Editor's note: This story was revised Mar 17 to include additional information about the number of claims filed and processing steps.
Mar 16, 2011 (CIDRAP News) – The US Department of Health and Human Services (HHS) has so far received 386 claims of injuries related to the 2009 pandemic H1N1 vaccine and related pandemic countermeasures, HHS officials reported today.
The claims describe a wide range of complaints, from breathing difficulties and numbness to seizures and even death, according to Dr. Vito Caserta, director of the Countermeasures Injury Compensation Program (CICP).
"To date, 54 claims have been filed that appear to have been submitted with sufficient medical records to place them in line for review. Of these, 26 have begun a medical review," Caserta told CIDRAP News in response to a query.
Studies have generally shown that the monovalent 2009 H1N1 vaccine was just as safe as seasonal flu vaccines, but people who believe they were harmed by the vaccine, or by other pandemic countermeasures such as antiviral drugs, can file claims with the CICP.
The program, administered by the Health Resources and Services Administration (HRSA), was set up under the Public Readiness and Emergency Preparedness Act of 2005. It is designed to give claimants an avenue for pursuing damages without going to court, while shielding drug companies and medical providers from most lawsuits claiming harm from medical countermeasures for pandemic flu and other public health emergencies, such as bioterrorist attacks.
In purpose, the CICP is similar to the Vaccine Injury Compensation Program (VICP), established in 1988, which handles damage claims related to seasonal flu vaccines and other vaccines. Both programs have the aim of ensuring adequate supplies of vaccines and other countermeasures by protecting manufacturers from a flood of lawsuits that could drive them out of the market.
Caserta said 373 of the claims submitted so far pertain to the H1N1 vaccine, one pertains to the vaccine plus antiviral drugs, and one relates to the vaccine and a mechanical ventilator. The rest of the claims relate to the vaccine but were filed after the deadline, he reported.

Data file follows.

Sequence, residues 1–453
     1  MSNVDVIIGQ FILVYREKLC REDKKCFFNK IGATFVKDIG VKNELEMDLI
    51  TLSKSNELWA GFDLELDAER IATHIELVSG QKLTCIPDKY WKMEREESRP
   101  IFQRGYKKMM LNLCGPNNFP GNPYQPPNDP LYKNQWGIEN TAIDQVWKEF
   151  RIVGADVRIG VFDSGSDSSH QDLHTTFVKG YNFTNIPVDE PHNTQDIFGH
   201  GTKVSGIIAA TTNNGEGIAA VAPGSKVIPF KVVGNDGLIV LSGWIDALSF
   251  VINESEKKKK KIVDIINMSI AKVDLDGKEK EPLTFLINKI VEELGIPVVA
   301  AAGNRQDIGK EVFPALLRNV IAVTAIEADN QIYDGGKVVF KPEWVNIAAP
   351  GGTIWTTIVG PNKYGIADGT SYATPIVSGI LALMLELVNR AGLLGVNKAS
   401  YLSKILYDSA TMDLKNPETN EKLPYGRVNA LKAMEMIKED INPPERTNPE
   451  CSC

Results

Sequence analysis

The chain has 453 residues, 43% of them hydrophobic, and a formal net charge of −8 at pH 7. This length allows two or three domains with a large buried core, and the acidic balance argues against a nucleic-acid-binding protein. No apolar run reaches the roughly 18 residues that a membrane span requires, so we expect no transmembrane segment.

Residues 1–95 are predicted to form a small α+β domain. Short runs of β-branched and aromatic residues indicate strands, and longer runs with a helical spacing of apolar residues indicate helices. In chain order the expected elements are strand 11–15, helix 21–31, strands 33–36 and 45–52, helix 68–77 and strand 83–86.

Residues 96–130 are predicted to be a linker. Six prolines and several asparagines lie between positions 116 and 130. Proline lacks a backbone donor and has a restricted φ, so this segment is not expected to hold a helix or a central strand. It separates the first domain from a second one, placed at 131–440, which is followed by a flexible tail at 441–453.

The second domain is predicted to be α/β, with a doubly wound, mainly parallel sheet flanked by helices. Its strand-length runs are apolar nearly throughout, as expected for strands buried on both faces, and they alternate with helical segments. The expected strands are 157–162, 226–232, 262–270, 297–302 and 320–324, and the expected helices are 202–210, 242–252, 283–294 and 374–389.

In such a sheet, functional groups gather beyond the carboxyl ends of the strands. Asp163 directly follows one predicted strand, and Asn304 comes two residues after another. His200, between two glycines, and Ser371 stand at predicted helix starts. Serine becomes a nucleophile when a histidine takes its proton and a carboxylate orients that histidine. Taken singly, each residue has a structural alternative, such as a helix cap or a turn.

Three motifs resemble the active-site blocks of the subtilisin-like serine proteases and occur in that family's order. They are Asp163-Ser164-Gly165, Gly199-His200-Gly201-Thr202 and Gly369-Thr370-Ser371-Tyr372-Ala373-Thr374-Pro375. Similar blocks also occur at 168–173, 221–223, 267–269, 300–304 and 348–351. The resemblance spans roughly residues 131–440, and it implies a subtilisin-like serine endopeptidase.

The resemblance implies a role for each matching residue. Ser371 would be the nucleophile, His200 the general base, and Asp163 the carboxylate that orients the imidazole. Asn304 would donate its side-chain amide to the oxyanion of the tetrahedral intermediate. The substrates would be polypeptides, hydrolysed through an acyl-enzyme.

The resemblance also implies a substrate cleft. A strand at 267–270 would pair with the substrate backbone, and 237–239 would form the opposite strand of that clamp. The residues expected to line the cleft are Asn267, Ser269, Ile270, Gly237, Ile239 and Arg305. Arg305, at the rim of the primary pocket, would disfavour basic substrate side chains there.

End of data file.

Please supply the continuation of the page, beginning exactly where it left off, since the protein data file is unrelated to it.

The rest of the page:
He provided a long list of conditions cited in the H1N1-related claims that HRSA has received so far: "Guillain Barre Syndrome (GBS), breathing difficulties, numbness/tingling, soreness/pain at injection site, fever, headaches/migraines, weakness/fatigue, acute allergic reaction, rash, tachycardia, miscarriage, dizziness/nausea, muscle cramps/spasms, paralysis, cough, flu symptoms, neuropathy, vision problems, swelling, vomiting/diarrhea, transverse myelitis, pneumonia, seizures, neurologic conditions, loss of hearing/balance, joint infection, death, myalgias, ADEM [acute disseminated encephalomyelitis], encephalopathy, serum reaction, and some other conditions at a lower frequency."
In addition to the pandemic vaccine, the CICP covers the anthrax and smallpox vaccines, which many US military personnel receive, and countermeasures for botulism and radiation exposure. Caserta said the program has received eight claims related to those vaccines.
The CICP first published its administrative procedures and regulations last October, permitting people to begin filing formal claims. Before that, HRSA accepted letters from people explaining their intent to file a formal claim later, after publication of the administrative procedures. To be considered, reports of alleged injuries must be submitted within 1 year from when the person was vaccinated or treated.
Caserta said each claim is reviewed by a physician working under the supervision of another physician who is experienced in handling such evaluations. Other experts can also be called in if needed.
If a claim is denied, the claimant can ask for a "Reconsideration Panel" review, Caserta said. After reviewing the case, that panel makes a recommendation to the associate administrator of HRSA's Healthcare Systems Bureau, who is charged with making the final decision.
Caserta said it is too early to estimate how long it will take to process claims. "These first cases that are currently being processed will require a longer time because we are fine-tuning and finalizing internal processes and procedures," he said. "We have not yet finalized any of these initial reviews but we are close. Once the first few are finalized in the coming weeks subsequent cases should move through much more quickly."
The CICP covers only the monovalent version of the 2009 H1N1 vaccine. The 2009 H1N1 virus was included in the 2010-11 seasonal flu vaccine, which is covered by the VICP.
The two programs process claims somewhat differently, according to HHS. In the VICP, physicians review claims and write reports, but special masters or judges of the US Court of Claims make the decisions on entitlement and benefits.
An HRSA information chart concerning the VICP program shows that 537 injury claims related to influenza vaccines had been filed as of Oct 12, 2010. Of those, 189 led to compensation and 49 were dismissed.
CICP page on HRSA site
Oct 2010 HHS release on administrative regs for the CICP
Sept 15, 2010, CIDRAP News story "Pending injury claims over 2009 H1N1 vaccine increase"
Sep 17, 2010, CIDRAP News story "VAERS study finds H1N1 vaccine safety similar to seasonal vaccines'"